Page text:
Chapters 23 and 24 Summary and Analysis
Mrs. Penniman learns that she is not to be included in the European trip. She is philosophic about it, although she admits she would have loved to see the art and the ancient ruins of Rome. She tells Catherine of her father’s real reason for the trip—taking Catherine away from Morris Townsend so that she might forget him. Catherine declares that this is of course not possible, so she contemplates telling her father so that he will not pay for a trip whose purpose is to no avail. Mrs. Penniman, however, suggests that she wait until afterward for the purpose of causing her father the expense. This, to Mrs. Penniman, is just revenge.
Catherine writes to Morris, asking him to meet her one last time so that they can walk about the town. Morris asks her if she is looking forward to seeing all the sights in Europe, to which Catherine replies that she is not. Silently, Morris proclaims her a dull woman. When Catherine tells Morris that her father is hoping this trip will make her forget about Morris, the later suggests that perhaps it will. Morris is convinced that, whatever happens, at least Catherine will get to see Europe. Catherine feels guilty for deceiving her father in taking the trip, but Morris tells her to enjoy it and buy her wedding clothes in Paris; this would show Dr. Sloper that they are willing to wait, thus putting them on the moral high ground. Perhaps some moment might come along in which Catherine might cleverly convince her father to change his mind, inspired by the glorious and romantic sights around them. Catherine is a bit taken aback at being expected to be “clever.”
Catherine informs her father that she is ready to leave and she makes her good-byes to her aunt and to Morris, the latter promising to remain true. After Dr. Sloper and Catherine depart, Mrs. Penniman visits with her sister, Mrs. Almond. Mrs. Almond chides her for pushing Catherine into marriage with such a “deplorable” man. Mrs. Penniman thinks he will make a lovely husband. Mrs. Almond says she has no use for “lovely” husbands, only good ones. She warns her sister that once the two are married, Morris will hate Catherine for not having the money he had hoped for. He may even be cruel. She suggests that Mrs. Penniman talk to Morris’s sister.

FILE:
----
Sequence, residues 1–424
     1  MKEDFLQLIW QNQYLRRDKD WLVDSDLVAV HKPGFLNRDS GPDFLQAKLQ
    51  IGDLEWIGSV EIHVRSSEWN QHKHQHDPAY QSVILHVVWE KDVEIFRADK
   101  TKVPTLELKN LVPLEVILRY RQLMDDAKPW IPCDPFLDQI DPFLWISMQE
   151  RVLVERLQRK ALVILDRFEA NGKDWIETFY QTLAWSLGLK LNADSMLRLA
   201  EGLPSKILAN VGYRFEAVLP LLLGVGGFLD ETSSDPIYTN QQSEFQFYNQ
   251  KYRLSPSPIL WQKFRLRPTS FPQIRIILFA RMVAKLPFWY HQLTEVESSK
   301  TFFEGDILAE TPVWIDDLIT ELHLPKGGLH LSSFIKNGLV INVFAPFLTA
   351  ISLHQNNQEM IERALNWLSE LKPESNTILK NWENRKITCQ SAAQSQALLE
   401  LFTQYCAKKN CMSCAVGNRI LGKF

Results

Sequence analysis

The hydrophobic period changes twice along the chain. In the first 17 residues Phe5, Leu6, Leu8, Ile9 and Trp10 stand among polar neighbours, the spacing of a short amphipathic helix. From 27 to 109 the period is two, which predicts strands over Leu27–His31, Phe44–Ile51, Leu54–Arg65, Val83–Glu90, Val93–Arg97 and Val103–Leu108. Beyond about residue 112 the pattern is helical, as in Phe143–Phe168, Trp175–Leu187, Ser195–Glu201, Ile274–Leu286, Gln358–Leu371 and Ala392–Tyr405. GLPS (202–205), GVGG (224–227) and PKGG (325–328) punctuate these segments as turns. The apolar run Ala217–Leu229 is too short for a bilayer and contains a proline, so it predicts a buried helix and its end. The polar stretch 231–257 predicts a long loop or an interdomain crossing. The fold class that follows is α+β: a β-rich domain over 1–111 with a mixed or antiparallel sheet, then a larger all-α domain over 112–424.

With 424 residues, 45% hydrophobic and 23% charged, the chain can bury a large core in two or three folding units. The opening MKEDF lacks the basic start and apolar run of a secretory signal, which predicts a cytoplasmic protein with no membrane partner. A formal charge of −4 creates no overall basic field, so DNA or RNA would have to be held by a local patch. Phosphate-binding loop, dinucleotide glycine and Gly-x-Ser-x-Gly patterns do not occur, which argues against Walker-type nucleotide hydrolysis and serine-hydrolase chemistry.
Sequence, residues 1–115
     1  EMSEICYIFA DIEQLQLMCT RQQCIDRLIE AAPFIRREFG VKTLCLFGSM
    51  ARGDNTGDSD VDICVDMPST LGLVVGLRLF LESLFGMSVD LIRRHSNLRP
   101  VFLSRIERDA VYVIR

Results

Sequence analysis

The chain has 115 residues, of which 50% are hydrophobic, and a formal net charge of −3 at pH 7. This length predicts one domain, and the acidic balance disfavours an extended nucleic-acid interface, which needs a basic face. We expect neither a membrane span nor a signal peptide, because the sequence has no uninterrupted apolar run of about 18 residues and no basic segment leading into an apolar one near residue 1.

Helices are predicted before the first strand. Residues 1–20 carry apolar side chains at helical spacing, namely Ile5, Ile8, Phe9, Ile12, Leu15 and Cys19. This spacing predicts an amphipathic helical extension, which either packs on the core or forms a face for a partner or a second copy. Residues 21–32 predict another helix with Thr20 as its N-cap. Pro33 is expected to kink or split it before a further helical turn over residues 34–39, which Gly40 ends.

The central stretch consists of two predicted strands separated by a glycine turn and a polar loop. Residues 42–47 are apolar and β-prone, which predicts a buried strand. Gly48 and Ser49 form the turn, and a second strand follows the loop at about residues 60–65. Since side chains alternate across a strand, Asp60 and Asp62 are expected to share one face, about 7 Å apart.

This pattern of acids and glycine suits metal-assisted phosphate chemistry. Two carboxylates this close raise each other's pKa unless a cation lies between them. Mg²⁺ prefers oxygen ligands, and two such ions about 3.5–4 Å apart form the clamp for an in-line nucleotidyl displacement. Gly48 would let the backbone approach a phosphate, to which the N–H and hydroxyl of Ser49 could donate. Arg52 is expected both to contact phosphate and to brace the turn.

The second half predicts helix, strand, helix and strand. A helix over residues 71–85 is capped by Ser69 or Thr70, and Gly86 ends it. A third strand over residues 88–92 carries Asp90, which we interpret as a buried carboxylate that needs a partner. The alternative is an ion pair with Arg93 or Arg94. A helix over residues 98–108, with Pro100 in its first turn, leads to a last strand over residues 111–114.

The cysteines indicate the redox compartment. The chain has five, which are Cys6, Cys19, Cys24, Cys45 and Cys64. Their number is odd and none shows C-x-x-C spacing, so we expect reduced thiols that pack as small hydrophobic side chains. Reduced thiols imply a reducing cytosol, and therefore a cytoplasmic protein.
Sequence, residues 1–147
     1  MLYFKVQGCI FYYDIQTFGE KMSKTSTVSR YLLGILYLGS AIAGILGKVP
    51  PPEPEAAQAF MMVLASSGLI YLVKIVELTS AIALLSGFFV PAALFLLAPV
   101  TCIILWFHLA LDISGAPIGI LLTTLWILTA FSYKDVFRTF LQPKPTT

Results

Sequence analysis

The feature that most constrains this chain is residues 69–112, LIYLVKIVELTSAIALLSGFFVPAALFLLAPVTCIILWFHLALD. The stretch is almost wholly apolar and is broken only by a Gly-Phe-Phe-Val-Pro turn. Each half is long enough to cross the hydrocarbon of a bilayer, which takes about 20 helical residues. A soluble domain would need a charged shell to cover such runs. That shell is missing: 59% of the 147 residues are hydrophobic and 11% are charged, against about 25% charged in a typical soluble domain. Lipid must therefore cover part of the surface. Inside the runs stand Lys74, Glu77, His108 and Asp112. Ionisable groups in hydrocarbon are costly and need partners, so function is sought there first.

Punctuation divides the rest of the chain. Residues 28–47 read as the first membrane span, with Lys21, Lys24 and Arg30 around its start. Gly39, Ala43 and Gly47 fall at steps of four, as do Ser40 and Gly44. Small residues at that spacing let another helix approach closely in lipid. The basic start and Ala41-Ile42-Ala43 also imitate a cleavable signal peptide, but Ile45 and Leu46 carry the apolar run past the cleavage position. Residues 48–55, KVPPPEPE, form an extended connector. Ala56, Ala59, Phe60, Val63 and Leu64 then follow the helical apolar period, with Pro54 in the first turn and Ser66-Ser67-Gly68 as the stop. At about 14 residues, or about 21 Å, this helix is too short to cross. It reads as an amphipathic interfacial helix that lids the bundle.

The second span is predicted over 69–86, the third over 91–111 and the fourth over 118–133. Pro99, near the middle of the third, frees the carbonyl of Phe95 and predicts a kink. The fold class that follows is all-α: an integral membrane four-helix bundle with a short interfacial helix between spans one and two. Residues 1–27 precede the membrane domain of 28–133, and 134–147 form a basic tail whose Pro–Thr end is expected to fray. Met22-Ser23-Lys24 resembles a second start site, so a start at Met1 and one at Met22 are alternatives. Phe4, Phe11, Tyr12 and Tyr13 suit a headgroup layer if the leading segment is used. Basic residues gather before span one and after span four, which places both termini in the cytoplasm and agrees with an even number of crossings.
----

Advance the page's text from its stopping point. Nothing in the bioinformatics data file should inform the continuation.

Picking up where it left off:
During their tour of Europe, Dr. Sloper and Catherine do not talk about Morris. Their planned six-month tour is extended to an entire year. One day, six months into their trip, while climbing in the Alps, Dr. Sloper leaves Catherine for a bit as he climbs further up the mountain. At his return, he abruptly asks her if she has given up Morris. Catherine replies that she has not. Dr. Sloper becomes so quietly angry that Catherine begins to think that he brought her up to the mountains to kill her. When he mentions that she might be left to starve, she thinks that he intends to abandon her in the mountains, but he is talking about Morris’s leaving her to starve. The subject does not come up again until the night before their departure for home, when Dr. Sloper asks Catherine her plans. She says that she assumes she will be married soon after she arrives in New York. Dr. Sloper learns that Morris has been writing her twice a month. He extracts a promise from his daughter that she will inform him three days before she “abandons” him for Morris.
In a sense, the climax of the story has occurred on the mountain summit in the Alps, when Dr. Sloper confronts Catherine and she fears for her life. It is seen that Dr. Sloper is perhaps really capable of the physical violence that has simmered beneath the surface. Prior to this, Catherine has admitted that she fears her father, but it is more on the level of fearing to disappoint him or being separated from his love and approval. It is on the mountaintop that she contemplates that he might actually kill her. She is puzzled and worried over his admission that he is not a “good man.” She is unsure what he means by this, but eventually it...
(The entire section is 1,105 words.)